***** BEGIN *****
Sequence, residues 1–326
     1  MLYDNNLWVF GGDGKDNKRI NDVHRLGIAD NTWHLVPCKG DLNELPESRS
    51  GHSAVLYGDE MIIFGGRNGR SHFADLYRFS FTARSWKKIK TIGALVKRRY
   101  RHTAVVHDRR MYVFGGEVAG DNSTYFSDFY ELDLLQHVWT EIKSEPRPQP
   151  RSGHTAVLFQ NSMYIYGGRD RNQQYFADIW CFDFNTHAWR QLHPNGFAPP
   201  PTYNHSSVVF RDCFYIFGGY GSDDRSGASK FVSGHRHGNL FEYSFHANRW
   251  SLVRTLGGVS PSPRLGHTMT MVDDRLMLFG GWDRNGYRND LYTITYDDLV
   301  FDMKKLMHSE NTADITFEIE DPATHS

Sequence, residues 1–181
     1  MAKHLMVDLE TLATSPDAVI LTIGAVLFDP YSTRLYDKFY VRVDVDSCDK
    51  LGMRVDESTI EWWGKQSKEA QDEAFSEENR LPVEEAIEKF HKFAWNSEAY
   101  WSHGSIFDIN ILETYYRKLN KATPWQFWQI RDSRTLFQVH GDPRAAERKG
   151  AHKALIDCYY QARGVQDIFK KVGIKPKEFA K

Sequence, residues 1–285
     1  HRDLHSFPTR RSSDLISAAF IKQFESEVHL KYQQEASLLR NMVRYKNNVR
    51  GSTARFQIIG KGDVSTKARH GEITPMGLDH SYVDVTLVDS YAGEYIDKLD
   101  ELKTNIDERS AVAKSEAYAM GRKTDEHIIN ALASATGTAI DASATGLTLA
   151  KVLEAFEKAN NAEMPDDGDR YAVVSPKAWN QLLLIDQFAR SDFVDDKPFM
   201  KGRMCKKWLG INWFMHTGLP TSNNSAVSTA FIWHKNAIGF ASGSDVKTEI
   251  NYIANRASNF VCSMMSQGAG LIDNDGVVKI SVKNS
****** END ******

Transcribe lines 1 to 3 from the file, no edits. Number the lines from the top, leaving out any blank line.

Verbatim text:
Sequence, residues 1–326
     1  MLYDNNLWVF GGDGKDNKRI NDVHRLGIAD NTWHLVPCKG DLNELPESRS
    51  GHSAVLYGDE MIIFGGRNGR SHFADLYRFS FTARSWKKIK TIGALVKRRY